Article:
Right. They're stuck with their reading glasses.
David George: 10:53
Bill Prentice: 10:54
Got it. So, in addition to the millions of people who have experienced this substantial improvement in their quality of life as a result of either a cataract or refractive surgery, there are also millions who are afflicted with other serious conditions and diseases of the eye, like glaucoma. Why is it so essential that patients with a disease such as that are seen regularly and what can you do to help a patient with something like glaucoma?
David George: 11:19
Glaucoma is something that most patients don't know they have until it's really severe and there has been a lot of damage done. It slowly robs your side vision and it's something you would not notice as a patient. We can check it in the office by checking the visual field. So, in general glaucoma happens, it can run in families, but it generally happens more frequently when patients get older. So, we recommend routine eye exams and the frequency of exams gets greater when you're 65 or older because there's a greater chance you're going to get glaucoma. One in 50 patients will have glaucoma, and over time it really can cause a lot of visual loss if it's left untreated. So, this is why we recommend yearly checks in the office. Most glaucoma patients can be treated with a laser procedure or with eye drops to get the pressure down, and that protects from further vision loss by simply lowering the eye pressure. And there's some new technology now, there's some things we do surgically that we call minimally invasive glaucoma surgeries, or MIGS. One that we do is called the iStent, it's something you put in at the time of the cataract surgery. It's FDA approved only for implantation during the surgery, but you put a couple of drains into the drainage system where the fluid drains out of the eye and helps lower the pressure. It's kind of a second procedure you can do, just takes a few minutes more in the operating room. And there's other ones that can be done without cataract surgery, such as a XEN procedure or Hydrus procedure. I'm not mentioning all of them, but there are new devices that can be used surgically to decrease the eye pressure and treat the glaucoma.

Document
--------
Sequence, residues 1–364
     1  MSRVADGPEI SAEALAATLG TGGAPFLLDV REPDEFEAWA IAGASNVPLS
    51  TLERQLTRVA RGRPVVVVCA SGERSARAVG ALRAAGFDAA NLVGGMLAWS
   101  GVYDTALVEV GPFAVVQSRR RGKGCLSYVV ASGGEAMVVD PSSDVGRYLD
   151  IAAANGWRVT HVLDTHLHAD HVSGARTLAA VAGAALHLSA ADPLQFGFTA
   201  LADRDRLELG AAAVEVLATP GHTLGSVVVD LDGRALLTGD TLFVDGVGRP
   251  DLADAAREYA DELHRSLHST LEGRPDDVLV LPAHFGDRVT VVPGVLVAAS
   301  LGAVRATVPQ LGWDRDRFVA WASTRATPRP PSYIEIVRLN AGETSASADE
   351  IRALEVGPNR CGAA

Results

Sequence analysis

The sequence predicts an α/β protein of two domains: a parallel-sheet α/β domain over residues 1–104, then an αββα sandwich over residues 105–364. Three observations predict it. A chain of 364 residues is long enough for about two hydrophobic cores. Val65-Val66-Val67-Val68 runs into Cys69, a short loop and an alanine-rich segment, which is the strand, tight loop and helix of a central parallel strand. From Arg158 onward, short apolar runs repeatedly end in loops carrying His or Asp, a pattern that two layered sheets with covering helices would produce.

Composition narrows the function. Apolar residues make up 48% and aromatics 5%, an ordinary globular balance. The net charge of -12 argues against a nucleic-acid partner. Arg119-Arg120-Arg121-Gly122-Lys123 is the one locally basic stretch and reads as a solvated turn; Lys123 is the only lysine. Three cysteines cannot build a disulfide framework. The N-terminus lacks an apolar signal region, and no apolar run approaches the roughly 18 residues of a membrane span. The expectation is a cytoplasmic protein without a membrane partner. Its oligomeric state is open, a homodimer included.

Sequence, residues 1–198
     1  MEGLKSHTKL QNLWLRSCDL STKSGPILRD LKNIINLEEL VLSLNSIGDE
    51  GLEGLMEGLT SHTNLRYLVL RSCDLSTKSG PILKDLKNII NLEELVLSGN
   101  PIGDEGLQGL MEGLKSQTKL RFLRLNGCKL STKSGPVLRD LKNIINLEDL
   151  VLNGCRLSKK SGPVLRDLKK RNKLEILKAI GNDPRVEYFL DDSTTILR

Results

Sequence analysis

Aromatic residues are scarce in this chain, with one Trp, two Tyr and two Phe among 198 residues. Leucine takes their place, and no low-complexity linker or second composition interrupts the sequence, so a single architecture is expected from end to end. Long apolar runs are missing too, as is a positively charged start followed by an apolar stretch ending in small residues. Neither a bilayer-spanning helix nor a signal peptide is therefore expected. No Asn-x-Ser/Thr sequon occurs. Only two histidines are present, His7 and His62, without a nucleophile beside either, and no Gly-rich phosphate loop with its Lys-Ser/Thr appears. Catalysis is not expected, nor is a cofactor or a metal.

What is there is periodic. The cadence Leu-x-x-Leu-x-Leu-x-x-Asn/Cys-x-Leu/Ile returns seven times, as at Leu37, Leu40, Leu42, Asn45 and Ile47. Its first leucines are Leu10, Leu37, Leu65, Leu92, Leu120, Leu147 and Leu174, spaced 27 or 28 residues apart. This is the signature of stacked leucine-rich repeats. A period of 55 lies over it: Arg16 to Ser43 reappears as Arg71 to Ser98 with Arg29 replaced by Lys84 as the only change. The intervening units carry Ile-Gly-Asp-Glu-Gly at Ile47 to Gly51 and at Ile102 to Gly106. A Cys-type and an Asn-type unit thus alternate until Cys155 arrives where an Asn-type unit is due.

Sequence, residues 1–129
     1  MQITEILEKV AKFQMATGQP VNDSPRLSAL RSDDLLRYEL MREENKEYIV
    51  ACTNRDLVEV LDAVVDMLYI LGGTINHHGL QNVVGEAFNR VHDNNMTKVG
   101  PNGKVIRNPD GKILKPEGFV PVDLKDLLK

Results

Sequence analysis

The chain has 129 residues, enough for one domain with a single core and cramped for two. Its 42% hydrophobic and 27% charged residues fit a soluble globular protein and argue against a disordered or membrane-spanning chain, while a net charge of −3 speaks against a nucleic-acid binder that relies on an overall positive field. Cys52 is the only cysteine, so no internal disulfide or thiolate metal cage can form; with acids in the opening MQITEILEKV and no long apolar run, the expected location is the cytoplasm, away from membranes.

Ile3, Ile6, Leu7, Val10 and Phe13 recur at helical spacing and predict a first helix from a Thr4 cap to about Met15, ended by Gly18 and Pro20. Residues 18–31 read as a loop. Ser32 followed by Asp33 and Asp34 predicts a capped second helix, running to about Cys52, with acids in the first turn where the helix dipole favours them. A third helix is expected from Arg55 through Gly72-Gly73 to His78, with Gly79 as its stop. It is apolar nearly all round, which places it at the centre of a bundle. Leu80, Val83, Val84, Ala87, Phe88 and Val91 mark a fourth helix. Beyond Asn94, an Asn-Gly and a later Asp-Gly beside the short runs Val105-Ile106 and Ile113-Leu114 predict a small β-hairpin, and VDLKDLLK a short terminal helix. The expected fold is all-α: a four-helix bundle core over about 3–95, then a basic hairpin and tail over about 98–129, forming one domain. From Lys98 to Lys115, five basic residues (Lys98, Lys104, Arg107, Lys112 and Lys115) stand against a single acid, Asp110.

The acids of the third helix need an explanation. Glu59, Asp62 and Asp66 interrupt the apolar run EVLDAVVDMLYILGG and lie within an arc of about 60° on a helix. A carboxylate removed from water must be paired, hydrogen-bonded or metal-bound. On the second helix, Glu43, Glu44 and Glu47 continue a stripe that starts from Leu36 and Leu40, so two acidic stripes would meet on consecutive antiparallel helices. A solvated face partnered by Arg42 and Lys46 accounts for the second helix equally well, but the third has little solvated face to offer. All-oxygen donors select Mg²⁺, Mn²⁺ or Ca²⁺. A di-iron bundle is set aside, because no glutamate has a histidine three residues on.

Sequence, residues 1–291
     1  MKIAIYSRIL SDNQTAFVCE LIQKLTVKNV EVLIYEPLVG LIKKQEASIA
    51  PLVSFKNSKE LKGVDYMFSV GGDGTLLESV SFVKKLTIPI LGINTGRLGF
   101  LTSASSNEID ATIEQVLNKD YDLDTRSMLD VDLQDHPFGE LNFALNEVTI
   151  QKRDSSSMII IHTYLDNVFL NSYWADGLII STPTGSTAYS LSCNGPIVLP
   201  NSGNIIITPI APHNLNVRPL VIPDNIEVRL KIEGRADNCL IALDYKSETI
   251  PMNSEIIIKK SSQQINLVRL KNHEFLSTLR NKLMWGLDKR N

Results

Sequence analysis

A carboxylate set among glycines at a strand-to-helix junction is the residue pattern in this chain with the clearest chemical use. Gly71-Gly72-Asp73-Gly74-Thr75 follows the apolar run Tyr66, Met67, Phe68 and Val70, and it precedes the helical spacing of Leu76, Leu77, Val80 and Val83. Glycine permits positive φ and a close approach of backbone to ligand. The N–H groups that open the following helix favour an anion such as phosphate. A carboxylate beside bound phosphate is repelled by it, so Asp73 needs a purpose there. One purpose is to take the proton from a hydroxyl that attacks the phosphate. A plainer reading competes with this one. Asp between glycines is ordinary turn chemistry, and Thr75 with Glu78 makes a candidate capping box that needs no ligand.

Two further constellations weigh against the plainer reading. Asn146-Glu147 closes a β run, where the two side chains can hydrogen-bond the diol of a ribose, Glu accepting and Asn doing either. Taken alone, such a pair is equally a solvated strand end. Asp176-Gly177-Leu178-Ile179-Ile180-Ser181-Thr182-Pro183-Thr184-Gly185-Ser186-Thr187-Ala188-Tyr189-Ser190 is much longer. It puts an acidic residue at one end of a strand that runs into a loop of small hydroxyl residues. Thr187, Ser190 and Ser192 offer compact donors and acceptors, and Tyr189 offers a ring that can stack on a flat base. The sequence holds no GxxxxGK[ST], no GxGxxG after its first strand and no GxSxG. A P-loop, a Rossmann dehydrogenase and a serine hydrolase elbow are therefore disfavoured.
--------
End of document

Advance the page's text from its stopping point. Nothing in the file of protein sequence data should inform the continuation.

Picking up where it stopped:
Bill Prentice: 13:04
That's fascinating. And I think obviously the larger lesson here is, don't wait until you have a problem, particularly as you're getting older, to make sure that you're visiting your ophthalmologist and getting those checks to prevent those types of problems from ever starting.
David George: 13:18
Exactly. Yes, it's important to have routine eye exams, especially when you're over 65.
Bill Prentice: 13:23
Well, that's great. Well, David this has been fascinating. I've learned a lot, I hope our listeners have as well. And I want to appreciate you taking a few minutes out of your busy day to talk with me.
David George: 13:34
I appreciate you having me, Bill. It's good to see you again.
Bill Prentice: 13:37
Before closing this podcast, I would like again to acknowledge the support of our ASCA affiliate Somnia Anesthesia, a national anesthesia management company bringing advanced anesthesia and pain management techniques to surgery centers for over 27 years. Learn more at somniainc.com. So until next time, thanks for listening and please continue to follow your local public health guidance.